"She had me when she was fourteen. She didn't even try to take care of me. So I lived with my grandmother until I turned ten. Then all of a sudden I was sent back to live with her. It was horrible. I left when I was sixteen. I got a job at Jack In The Box, found a cheap studio apartment, paid my own rent, and got my high school diploma. I never went to college but I learned at work how to keep the books--I'm just good with numbers--so then I went to work doing finance for grocery stores. Like Albertson's."

"Is that what you do now?"

"No, I work for a company called Life Touch. It's a photography service for churches and schools and graduations and so on. I'm their head finance person. I like it. I like what I do."

I looked at her girls. "And their father?"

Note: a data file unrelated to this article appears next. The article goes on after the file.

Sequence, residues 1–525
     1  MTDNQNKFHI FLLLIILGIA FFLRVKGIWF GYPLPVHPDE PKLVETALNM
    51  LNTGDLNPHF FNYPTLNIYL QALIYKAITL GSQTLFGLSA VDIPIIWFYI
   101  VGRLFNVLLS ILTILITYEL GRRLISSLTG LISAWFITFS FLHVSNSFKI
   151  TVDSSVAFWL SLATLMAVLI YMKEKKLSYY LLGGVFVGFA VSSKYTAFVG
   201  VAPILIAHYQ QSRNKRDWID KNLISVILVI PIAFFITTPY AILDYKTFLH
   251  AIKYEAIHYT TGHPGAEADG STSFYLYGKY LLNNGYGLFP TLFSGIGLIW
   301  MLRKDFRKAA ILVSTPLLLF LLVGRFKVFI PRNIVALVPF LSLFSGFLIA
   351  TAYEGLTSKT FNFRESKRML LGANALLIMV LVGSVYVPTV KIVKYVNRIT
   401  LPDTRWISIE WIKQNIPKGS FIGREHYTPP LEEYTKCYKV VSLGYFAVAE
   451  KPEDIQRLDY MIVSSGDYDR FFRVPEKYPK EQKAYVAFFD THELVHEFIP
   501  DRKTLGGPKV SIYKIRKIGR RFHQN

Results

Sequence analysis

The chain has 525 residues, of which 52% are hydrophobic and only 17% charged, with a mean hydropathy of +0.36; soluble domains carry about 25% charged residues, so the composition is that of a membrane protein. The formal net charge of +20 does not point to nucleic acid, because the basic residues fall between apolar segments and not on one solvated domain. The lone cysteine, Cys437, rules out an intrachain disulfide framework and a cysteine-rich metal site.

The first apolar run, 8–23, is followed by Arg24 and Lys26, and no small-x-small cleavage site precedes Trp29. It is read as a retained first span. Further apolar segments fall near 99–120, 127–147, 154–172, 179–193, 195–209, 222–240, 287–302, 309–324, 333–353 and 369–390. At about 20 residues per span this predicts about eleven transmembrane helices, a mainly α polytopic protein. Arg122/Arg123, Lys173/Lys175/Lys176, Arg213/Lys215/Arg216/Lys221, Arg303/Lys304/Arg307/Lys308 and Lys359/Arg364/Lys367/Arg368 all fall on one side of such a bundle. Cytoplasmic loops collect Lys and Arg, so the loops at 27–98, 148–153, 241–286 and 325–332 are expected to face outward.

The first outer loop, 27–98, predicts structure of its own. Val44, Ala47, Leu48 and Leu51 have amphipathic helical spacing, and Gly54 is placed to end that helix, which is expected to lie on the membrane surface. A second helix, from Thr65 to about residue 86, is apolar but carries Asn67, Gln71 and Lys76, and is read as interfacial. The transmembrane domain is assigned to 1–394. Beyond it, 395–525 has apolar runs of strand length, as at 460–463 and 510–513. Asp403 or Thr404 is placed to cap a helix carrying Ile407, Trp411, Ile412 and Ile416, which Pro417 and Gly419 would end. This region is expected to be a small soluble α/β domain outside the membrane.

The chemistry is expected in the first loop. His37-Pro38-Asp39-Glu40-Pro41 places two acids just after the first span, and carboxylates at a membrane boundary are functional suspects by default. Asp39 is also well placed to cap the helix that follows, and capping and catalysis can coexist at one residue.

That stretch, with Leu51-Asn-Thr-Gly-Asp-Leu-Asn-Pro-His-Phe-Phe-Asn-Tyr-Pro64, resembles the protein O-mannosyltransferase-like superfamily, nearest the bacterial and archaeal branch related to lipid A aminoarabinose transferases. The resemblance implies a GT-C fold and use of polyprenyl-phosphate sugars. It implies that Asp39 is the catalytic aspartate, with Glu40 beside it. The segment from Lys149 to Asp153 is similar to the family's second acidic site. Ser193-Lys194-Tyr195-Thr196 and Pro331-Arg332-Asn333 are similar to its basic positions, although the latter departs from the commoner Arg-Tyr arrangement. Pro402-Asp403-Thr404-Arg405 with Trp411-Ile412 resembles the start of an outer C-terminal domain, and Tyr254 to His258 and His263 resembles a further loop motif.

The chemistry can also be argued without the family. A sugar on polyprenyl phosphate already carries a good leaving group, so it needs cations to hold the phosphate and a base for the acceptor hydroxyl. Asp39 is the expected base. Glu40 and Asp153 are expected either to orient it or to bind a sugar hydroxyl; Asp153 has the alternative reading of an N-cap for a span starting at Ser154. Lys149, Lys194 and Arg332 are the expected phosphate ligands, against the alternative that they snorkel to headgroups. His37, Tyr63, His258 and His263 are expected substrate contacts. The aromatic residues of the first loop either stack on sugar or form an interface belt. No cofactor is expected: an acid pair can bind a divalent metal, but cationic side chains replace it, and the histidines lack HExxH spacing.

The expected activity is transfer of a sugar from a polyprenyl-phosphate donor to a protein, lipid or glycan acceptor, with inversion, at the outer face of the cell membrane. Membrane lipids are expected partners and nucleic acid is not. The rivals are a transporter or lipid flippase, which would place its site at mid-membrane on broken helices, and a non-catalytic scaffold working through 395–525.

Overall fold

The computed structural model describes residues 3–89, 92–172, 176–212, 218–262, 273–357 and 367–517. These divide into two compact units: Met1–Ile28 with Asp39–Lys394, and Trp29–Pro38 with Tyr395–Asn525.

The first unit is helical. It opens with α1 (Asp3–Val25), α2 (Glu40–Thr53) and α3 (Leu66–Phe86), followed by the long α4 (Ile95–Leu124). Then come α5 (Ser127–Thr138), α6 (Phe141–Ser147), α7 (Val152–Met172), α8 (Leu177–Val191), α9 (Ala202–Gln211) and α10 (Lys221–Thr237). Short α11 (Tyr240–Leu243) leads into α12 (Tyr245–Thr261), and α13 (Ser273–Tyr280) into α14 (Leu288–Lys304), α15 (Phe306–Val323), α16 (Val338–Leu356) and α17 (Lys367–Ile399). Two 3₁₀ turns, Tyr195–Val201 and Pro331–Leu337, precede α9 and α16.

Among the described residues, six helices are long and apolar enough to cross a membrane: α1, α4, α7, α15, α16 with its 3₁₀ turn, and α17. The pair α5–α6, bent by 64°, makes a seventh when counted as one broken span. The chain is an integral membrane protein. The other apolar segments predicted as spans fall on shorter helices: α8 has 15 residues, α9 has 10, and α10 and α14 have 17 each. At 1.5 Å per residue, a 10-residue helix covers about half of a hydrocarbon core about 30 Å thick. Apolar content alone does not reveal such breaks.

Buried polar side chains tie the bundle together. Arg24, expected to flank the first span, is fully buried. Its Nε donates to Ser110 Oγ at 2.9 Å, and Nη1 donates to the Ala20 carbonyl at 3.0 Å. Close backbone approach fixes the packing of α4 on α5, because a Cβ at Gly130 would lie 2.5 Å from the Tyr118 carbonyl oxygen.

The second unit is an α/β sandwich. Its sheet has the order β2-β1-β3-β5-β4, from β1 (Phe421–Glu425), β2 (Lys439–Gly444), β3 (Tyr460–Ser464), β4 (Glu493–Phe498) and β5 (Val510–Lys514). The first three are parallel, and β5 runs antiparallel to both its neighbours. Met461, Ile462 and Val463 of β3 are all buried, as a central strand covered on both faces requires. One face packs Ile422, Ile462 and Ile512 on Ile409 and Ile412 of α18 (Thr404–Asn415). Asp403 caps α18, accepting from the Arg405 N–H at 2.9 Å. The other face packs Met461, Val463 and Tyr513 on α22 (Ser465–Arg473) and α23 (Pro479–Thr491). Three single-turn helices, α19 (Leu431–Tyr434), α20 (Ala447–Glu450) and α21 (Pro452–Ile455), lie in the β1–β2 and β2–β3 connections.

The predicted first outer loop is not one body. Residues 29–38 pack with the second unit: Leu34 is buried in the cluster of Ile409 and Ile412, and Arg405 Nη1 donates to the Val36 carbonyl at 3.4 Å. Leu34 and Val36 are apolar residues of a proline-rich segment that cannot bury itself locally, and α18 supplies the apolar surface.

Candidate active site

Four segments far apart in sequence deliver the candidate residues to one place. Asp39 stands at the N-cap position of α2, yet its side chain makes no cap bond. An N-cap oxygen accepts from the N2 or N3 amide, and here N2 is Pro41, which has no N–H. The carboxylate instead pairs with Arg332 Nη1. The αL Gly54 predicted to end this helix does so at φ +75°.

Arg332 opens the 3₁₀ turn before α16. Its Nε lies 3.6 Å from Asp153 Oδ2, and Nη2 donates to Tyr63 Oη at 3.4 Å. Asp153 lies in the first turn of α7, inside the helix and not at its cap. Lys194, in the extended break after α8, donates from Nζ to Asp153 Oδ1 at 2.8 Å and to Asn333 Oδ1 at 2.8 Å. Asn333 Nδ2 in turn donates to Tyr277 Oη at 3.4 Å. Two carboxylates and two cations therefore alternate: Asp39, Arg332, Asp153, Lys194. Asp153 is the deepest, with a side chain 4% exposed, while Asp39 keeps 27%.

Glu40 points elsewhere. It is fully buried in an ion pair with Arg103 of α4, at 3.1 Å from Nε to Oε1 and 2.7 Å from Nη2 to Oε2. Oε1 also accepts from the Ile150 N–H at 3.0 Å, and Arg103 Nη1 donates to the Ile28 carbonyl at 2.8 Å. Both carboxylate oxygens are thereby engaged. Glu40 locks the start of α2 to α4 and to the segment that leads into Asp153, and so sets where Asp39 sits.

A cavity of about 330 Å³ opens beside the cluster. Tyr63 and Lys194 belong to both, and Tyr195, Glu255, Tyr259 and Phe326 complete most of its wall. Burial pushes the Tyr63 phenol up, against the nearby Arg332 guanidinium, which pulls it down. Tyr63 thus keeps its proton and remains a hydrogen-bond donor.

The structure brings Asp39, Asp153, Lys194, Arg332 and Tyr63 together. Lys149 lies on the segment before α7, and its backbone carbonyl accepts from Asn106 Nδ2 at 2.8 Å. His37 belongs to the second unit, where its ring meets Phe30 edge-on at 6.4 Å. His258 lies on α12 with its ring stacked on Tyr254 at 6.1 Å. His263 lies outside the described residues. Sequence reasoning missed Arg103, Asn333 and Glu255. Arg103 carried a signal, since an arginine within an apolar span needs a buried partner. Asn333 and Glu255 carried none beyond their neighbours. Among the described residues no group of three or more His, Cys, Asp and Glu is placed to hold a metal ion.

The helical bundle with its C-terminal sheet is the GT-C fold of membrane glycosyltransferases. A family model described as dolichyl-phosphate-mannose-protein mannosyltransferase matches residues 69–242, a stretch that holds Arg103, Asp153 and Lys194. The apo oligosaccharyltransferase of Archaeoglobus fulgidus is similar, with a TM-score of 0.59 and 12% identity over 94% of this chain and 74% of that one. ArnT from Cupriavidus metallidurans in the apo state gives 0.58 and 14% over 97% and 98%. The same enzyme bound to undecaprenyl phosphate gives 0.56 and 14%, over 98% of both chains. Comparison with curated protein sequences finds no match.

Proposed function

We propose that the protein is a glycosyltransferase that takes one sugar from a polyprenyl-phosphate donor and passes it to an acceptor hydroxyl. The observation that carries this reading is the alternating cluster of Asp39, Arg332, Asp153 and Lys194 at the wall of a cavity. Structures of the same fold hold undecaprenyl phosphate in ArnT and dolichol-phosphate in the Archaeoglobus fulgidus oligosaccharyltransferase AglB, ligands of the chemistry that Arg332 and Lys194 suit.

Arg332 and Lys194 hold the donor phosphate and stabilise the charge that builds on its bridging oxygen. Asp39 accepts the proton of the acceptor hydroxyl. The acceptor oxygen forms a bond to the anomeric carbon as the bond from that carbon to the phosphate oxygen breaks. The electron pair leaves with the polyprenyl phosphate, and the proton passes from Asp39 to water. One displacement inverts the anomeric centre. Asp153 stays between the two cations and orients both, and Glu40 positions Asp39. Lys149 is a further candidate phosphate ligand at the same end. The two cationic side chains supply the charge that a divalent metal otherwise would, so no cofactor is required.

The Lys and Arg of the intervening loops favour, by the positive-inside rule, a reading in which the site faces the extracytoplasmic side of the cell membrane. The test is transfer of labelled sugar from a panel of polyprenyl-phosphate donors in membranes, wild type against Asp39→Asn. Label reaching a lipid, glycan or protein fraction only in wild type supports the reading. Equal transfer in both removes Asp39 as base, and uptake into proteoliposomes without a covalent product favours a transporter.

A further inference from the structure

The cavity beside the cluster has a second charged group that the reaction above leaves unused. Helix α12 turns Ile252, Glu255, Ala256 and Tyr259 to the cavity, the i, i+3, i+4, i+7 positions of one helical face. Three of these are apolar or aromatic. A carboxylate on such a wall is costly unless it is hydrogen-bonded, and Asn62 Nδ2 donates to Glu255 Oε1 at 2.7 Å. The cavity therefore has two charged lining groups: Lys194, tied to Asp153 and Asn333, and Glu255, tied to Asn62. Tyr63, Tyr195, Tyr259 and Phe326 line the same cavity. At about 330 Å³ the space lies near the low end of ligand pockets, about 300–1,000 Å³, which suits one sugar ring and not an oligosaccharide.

"We're divorced. We have a good relationship, though. He just doesn't speak English. He's Mexican. I tried to help him, to help him get ahead, but he just wouldn't help himself. So. Both of my girls are bilingual, anyway. Me too. I took classes and taught myself."

I asked her then if she still had contact with her mother, and if her mother knew her granddaughters, and how they were doing.

She shook her head, and for the first time looked down at the Pep Boys' blazing white linoleum, and left her gaze there. "I don't want them to see her. I got tired of trying to explain to them why she was always drunk or high and had a different man with her every time. So last time I told her, 'That's it, you've ruined your last Christmas, I am not having you in my house anymore.'"

"That had to be hard."

"It was." She looked up. "But I'm determined to live my life differently than she did, and that my girls will too. Now this one," she touched and stroked the dark hair of the younger one beside her, "loves to read."

"I love it that you love to read," I said.

The girl ducked her head shyly into the sturdy arm beside her.

"She reads because she wants to," her mother said. "Isn't that something?"


Photo credit: A Friend in Nonotuck Park, Bruce Barone

Thursday, September 10, 2009